High Tide

The tide on Whiteford beach is scary. One minute the water is so far away that I can barely make out the breakers, and the next they spray is covering my glasses with a thin coat of salt. I’ve watched it race towards the shore in a continuous roll, I’ve felt it snap at my heels as I’ve retreated from it and I’ve walked out to the lighthouse when it’s been at its lowest. The prospect of a higher than usual (I’d read it would be the highest for 18 years, which is a lunar cycle) Spring tide this morning eased the decision on where to take Rufus for his weekend walk.

We left the house in the dark and reached the car park near Cwm Ivy before the sun had come up. By the time we’d walked through the woods and onto the beach, a beautiful morning was shaping up. The sea was choppy and the tide was fully in. It was the highest I’ve ever seen there, with the waves undercutting of the dunes in places. We walked along a narrow strip of sand between dune and sea until the waves barred the way, when we climbed up onto the tops of the dunes and made our way across the headland to the opposite side.

Out of the wind it was warm as the sun rose, not like a February morning at all. Walking in sand is tiring but great exercise and we had plenty of that as we made our way to the tip of the headland. Once out of the shelter, the wind picked up again and it was time to don gloves and hat and do up the coat. Rufus, with his permanent fur coat was happy to have a cooling breeze again.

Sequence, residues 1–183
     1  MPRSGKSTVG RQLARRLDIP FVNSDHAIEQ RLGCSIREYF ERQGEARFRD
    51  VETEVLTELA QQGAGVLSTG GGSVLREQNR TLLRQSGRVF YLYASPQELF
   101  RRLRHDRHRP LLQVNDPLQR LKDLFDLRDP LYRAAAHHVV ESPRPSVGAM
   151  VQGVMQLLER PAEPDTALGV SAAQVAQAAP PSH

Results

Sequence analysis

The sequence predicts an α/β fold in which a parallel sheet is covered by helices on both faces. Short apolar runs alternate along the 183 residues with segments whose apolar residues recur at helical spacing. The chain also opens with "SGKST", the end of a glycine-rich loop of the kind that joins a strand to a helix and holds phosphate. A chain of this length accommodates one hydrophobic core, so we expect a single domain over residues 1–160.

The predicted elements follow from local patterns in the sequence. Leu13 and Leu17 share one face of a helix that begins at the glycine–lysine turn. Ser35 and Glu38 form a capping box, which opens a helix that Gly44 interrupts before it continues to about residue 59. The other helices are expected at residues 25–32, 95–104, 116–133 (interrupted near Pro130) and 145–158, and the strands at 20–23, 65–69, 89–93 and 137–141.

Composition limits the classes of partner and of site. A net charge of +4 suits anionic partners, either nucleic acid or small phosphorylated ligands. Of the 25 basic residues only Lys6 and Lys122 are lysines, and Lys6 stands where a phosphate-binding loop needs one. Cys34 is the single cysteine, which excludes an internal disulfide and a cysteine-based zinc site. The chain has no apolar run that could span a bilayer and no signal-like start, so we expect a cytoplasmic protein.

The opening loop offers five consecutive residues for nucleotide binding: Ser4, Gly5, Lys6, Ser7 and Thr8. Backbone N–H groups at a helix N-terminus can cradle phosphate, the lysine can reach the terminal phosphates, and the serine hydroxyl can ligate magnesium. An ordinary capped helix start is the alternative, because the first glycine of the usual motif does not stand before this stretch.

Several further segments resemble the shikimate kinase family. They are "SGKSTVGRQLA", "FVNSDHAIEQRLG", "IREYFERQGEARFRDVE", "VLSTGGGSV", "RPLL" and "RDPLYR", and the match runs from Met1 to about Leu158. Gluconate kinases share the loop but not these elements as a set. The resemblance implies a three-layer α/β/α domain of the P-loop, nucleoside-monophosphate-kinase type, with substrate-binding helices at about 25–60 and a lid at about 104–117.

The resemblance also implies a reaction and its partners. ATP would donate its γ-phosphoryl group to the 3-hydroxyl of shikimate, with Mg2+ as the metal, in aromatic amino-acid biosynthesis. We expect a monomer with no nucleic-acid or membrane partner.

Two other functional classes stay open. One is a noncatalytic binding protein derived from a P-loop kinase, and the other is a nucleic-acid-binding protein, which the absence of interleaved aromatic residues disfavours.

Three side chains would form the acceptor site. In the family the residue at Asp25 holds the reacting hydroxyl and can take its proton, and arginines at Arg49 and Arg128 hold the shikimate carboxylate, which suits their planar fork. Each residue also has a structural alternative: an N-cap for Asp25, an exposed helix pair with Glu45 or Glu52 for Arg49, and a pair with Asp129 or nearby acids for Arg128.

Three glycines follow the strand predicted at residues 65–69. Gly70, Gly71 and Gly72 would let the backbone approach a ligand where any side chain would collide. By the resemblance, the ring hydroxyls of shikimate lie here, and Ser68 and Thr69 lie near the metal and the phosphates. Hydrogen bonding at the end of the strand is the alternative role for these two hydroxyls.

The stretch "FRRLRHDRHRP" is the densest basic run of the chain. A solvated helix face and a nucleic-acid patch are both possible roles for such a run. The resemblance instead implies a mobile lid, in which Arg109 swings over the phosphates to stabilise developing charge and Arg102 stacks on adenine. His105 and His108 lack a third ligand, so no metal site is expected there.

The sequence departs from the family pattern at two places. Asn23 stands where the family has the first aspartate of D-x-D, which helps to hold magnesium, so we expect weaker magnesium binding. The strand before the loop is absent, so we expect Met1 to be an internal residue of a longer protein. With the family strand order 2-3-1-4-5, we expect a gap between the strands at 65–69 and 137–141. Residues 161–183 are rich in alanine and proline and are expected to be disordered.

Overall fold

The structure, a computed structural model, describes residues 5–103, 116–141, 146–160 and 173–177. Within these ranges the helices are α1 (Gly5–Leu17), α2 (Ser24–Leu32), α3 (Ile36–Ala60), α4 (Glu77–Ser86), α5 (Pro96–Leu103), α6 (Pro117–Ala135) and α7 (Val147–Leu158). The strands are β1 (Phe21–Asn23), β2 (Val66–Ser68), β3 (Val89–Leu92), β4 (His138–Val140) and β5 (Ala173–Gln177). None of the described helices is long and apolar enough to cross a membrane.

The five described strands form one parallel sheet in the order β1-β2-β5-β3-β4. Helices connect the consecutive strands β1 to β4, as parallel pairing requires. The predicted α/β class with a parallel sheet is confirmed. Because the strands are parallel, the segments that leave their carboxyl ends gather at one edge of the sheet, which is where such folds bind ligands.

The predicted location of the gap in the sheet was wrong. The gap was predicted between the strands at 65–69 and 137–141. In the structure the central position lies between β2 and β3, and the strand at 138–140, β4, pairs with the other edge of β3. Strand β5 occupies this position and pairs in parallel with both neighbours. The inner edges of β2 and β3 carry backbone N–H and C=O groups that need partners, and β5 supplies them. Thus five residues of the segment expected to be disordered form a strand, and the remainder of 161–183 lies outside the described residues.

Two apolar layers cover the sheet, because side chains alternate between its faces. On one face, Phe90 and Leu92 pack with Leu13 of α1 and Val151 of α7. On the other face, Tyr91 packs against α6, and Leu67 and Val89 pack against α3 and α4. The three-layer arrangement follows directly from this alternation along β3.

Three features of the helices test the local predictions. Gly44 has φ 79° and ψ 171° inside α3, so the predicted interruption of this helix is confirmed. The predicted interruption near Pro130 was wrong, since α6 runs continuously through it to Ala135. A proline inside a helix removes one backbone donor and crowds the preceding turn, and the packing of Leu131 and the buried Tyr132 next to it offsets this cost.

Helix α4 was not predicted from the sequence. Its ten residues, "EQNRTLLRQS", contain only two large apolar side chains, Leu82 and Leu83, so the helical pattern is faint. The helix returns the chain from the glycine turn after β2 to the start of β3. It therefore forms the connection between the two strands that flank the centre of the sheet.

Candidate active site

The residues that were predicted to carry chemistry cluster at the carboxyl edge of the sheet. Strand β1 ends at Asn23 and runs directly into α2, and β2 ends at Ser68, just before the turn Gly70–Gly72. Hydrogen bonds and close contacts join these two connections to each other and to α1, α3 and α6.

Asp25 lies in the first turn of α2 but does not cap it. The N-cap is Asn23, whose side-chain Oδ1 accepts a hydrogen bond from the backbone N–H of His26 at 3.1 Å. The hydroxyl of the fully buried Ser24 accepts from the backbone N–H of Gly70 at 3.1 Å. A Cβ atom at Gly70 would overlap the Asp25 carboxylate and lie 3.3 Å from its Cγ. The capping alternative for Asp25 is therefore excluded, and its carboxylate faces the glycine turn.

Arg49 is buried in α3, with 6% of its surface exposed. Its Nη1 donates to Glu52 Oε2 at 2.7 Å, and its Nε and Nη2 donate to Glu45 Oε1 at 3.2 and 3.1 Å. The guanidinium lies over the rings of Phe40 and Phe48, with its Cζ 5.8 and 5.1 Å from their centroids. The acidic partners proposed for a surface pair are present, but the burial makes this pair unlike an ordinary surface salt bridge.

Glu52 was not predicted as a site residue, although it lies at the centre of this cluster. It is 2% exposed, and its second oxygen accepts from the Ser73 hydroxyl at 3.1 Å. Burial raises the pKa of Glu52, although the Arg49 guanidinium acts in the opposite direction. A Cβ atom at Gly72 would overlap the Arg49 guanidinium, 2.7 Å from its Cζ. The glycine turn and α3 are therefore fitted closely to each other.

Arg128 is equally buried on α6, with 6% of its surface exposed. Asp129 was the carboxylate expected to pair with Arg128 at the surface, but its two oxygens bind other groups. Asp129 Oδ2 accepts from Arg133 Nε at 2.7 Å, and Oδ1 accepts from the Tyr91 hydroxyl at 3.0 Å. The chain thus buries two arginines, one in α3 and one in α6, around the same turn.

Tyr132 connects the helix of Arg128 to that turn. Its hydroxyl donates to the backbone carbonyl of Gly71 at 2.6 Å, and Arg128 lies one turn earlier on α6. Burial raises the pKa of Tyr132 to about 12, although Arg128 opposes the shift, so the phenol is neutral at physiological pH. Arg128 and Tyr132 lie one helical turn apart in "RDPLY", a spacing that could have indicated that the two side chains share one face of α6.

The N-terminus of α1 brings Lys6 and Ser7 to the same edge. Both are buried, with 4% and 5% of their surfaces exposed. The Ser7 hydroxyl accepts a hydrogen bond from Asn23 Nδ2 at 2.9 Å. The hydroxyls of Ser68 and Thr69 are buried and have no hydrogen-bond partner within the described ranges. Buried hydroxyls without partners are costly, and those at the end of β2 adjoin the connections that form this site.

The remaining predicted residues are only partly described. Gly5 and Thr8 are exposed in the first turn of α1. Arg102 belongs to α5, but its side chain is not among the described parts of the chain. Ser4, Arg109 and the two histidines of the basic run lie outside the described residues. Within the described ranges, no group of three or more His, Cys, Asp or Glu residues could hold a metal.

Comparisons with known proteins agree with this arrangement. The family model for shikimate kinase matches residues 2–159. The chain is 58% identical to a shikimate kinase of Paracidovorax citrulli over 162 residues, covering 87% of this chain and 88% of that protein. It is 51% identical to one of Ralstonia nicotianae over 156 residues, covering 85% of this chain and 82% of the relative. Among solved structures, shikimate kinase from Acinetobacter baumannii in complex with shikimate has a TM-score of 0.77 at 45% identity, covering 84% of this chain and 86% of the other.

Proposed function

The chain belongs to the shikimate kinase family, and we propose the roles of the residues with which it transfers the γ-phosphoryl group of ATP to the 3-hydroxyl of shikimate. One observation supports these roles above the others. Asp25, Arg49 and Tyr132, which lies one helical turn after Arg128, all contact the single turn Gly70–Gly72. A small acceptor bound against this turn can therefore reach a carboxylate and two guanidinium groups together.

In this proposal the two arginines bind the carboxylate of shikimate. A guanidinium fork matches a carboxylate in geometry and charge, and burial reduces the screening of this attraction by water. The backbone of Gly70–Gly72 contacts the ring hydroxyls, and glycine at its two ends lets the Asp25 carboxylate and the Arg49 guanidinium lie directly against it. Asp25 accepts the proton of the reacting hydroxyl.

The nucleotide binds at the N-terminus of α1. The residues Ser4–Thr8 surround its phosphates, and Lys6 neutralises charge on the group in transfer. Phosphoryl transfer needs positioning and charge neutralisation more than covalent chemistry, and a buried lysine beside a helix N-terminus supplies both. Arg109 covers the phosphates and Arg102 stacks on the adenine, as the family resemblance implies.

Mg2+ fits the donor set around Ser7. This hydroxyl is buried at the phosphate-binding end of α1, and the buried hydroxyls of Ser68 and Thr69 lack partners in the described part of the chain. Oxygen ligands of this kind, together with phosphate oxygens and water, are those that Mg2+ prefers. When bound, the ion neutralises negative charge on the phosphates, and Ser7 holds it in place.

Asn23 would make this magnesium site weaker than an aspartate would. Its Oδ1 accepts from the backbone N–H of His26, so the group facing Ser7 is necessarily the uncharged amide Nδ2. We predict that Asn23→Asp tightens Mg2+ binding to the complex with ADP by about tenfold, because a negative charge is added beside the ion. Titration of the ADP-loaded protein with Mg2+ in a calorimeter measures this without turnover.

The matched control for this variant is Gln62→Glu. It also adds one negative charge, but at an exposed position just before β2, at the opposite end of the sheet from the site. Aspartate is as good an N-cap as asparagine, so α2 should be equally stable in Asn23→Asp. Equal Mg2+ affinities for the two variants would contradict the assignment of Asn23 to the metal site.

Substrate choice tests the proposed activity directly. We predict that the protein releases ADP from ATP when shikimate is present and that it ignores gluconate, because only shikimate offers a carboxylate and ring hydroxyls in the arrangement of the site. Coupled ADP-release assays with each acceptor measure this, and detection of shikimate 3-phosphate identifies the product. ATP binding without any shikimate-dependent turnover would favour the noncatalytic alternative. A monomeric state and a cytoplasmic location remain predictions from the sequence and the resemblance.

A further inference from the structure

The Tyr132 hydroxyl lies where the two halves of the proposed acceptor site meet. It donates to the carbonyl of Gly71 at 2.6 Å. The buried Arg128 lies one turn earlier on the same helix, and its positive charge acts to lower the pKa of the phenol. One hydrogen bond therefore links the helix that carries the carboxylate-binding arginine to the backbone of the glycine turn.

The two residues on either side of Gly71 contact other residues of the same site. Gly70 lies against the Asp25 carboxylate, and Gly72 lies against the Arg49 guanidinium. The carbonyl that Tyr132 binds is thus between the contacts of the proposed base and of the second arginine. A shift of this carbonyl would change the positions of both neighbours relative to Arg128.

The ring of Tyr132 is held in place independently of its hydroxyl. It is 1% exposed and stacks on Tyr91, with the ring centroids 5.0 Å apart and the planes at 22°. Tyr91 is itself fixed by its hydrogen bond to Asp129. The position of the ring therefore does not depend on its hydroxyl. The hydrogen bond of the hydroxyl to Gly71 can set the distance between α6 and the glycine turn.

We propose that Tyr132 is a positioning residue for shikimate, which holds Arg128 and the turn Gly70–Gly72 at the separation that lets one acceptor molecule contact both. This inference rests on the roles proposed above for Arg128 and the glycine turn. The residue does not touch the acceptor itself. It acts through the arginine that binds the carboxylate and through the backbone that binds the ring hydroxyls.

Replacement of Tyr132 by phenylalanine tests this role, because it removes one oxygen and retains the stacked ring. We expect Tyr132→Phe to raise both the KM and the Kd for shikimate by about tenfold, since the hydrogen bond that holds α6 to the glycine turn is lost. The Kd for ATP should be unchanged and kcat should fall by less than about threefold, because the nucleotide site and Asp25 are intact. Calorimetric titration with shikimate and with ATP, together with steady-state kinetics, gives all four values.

We’d spent less than an hour in the dunes but already the tide had receded significantly. The lighthouse was still surrounded by the sea and on its metal skeleton, cormorants perched, warming in the sun. On the beach, lapwings and sandpipers scurried to and fro with the incoming and outgoing waves. As we walked back along the beach, a huge flock of sandpipers flew low over the sea. There must have been more than 100 of them flying parallel to the shore.

There was a lot of rubbish on the high water mark; most of it seemed to be plastic and I wished I’d brought a bag to put it in. I grabbed a tangle of plastic fishing line, which I brought home to dispose of. I’ve seen first hand what that can do and it’s not pleasant. One of the items washed up was an old football. It seemed to be a decent one, with stitched panels, and there was no sign of damage. It was just a little deflated (well, you would be too if you’d been abandoned on the beach). I kicked it, Rufus chased it and there followed a new form of football; one in which use of the mouth was allowed. I tried explaining to Rufus the rules of the game, but he just ran off and dared me to get the ball off him. He carried the ball for quite a while – unusual for him – and only dropped it when lured by the tempting aroma of some long dead aquatic creature. So I brought it home and it’s now in the back garden.

By now, the tide had all but disappeared and where earlier we were hugging the sand dunes, now we were able to range across the sand. But somehow, we’d done more than 5 miles, so it was time to head back to the car. Wet paws collected much sand as we crossed the dunes again and soon we were on the long uphill drag to the car park. A deep puddle solved the sandy paws issue and we were both grateful to reach the car.